Zim: Sectional Interests and Democratic Survival – Part – 2

Zim: Sectional Interests and Democratic Survival – Part – 2


Currently Zimbabwe has a total of 10 provinces, with 10 governors all of whom are chosen by the President. Some of the current crop of governors have been in-situ for almost 10 years or more and have overseen the decline of output and retreat of development in their provinces to the point that it would be pointless to keep them in place.

At ThinkZim we are putting forward a proposal for rebooting the provinces. A proposal which would remove the majority of the expense of running provinces from Central government and devolve it to the Provincial heads. It is an idea that sound crazy but perhaps this is its time, it is certainly an interesting idea from the point of view of democratising our country .

Current province sizes and populations

As Citizens we have to start thinking about a restructure of sorts that would see provinces become federated states and the districts therein becoming more aligned with the federated state rather than central government.

However for this to happen a number of other things need to occur.

  1. Zim Province MapThe roles of federated state governors and district councillors need to become recognised elected roles with 3-4 year terms possibly limited to 2 – 3 terms
  1. Legislation needs to be put in place dividing the roles of federated state and central government and devolving the necessary powers to the federated states whilst at the same time allowing central government to retain control of things like the military, policing, health and education frameworks and other national strategic functions and objectives that all states must comply with at a minimum.
  1. Revisions to the electoral legislation to allow for the incorporation of state governors and district councillors
    1. State elections are overseen by other states managed by central government, this is done to reduce electoral fraud
  1. A strong governance and oversight framework would also have to be put in place to ensure that abuse of the system would be rapidly identified and tweaks to the system made where gaps are identified.
    1. Governors would be answerable to the Presidium, parliament and their local state constituents
    2. The governors state government would be made up of representatives from the districts within the state and they would have the power to censure the governor
    3. Central government policy could override state policy for the betterment of the nation as a whole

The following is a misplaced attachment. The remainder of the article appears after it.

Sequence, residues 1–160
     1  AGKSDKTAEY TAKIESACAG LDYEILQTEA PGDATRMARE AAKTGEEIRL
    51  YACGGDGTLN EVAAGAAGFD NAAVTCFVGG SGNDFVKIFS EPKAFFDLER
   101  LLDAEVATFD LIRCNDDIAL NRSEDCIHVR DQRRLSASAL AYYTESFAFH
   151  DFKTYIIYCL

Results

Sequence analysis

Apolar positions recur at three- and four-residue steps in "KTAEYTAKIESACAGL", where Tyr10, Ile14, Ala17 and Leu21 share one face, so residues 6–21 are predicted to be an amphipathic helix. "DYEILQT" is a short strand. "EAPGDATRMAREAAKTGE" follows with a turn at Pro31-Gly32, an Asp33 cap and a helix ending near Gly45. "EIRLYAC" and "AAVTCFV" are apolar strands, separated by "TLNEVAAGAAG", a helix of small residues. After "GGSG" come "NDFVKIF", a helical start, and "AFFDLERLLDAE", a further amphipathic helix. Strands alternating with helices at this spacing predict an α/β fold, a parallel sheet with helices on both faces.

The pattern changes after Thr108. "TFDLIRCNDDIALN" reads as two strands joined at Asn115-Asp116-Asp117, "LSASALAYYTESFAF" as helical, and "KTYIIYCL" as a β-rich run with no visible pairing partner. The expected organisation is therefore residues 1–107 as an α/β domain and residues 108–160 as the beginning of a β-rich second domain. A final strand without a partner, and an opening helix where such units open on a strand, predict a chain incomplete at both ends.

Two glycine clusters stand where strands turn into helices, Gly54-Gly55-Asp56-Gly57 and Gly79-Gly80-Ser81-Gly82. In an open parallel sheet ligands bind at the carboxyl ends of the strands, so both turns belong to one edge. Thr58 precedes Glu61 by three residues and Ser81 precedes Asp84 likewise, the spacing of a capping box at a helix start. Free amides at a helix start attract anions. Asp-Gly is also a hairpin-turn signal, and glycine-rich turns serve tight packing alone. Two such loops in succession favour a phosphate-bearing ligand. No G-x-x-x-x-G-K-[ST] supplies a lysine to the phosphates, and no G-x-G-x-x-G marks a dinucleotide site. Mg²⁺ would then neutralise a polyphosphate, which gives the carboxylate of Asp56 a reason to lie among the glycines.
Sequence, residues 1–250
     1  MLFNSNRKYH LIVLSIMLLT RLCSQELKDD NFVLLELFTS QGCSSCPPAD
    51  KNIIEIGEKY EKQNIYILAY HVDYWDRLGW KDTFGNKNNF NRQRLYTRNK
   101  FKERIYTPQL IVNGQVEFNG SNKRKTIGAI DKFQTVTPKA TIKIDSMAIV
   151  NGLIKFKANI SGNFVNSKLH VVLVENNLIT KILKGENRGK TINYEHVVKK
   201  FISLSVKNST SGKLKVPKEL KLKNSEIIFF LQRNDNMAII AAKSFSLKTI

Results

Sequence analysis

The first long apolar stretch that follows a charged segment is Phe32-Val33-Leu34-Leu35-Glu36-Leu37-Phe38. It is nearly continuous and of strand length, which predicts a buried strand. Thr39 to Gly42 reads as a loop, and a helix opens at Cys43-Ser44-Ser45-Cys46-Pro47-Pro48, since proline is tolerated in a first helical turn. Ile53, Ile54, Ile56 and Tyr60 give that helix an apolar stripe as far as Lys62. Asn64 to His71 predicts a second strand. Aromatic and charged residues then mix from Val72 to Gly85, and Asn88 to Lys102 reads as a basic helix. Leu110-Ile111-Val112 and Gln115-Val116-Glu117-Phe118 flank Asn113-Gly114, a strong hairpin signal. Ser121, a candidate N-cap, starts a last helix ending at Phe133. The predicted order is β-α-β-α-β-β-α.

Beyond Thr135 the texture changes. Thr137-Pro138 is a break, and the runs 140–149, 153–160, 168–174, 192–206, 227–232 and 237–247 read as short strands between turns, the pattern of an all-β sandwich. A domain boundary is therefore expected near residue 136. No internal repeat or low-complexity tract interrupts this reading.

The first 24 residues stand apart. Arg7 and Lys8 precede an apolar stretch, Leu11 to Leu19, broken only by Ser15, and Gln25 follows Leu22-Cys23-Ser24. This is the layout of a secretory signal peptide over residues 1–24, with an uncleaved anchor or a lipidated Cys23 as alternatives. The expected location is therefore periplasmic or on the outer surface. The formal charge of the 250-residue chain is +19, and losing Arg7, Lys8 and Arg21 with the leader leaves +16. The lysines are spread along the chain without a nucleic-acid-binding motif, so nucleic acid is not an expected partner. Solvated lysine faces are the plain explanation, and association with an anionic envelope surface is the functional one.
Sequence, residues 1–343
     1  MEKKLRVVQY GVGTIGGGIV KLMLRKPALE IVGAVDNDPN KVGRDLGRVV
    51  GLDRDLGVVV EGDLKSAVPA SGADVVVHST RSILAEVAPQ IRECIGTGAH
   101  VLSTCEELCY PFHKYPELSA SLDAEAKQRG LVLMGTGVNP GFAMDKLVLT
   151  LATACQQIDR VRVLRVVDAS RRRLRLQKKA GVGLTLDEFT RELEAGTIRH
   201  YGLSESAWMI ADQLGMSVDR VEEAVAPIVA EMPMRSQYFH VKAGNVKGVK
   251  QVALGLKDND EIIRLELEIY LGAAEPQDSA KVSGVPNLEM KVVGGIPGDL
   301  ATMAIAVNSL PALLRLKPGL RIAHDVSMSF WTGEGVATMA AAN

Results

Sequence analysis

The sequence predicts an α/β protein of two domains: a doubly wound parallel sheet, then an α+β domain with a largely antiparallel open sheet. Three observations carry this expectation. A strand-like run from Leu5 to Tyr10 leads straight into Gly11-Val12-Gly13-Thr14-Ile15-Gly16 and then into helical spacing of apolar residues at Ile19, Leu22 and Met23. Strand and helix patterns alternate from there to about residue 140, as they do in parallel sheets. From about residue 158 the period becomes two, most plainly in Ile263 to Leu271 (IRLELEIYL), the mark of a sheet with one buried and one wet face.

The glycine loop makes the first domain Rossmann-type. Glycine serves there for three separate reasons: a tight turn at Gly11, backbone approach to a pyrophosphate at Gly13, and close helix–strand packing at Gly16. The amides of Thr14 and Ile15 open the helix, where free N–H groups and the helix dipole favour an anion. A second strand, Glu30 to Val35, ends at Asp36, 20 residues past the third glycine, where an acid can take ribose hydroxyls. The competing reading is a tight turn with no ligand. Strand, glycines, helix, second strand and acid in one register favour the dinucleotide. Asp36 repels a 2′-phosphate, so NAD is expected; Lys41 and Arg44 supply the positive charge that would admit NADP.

By doing this, the constituents of the federated states should expect and receive more effective representations and performance by their governors and district councillors. Political office holders more often than not are inclined to place men and women in roles based on their party affiliation, tribe, religion, ethnicity and familial relationships even if they lack the requisite intellectual, moral, and technical competence to get simple tasks done. Efficiency and consistency of delivery should extend beyond electoral party lines, and tribal boundaries.  In other words by using the carrot (continued power, local and national prestige and development) and stick (the lack of development and loss of state elections) those in positions of federated state power will be more inclined to work for the betterment of their constituents rather than themselves.

Federated State devolution of power

Federated State devolution of power

The political structure of a federated state would look something like the diagram on the left. Where all the principal players would have had to be elected to those positions except for the traditional chiefs who for the most part would have inherited those positions.

To take this thinking further consider this, with devolution a significant chunk of the central governments salary bill would disappear into the federated states and it would be their responsibility. Currently the central government of Zimbabwe is the largest employer in the country though their employees receive some of the most depressed wages in the country, when they actually get paid. The state employees will be closer to the sources of income for their federated states and should have greater visibility of the states income and expenditure and as a result should be in a better position to whistle-blow on corruption and inefficiency as well as participate and contribute effectively to the growth and development of the federated state. An example of this could be that the state receives an annual health subsidy from central government to which from the states own coffers it must add in order to pay medical professional’s salaries and build the necessary infrastructure in order to meet the policy directives mandated by the State Secretary and his/her Minster of Health.

In other words the state must be run like a business, where the role of the governor and his team is to use the resources available in the state, be it tourism, agriculture, human capital, etc, to develop the state to the point that surpluses start being generated. The constituents are the shareholders and must demand satisfaction of the state governor by seeing health care, electrification and other such projects being implemented and delivered. Following on from this all of this will mean jobs and progress for the society. Which is where we all want to be.

Q&A with one of our readers

See our last episode on what else needs to change…

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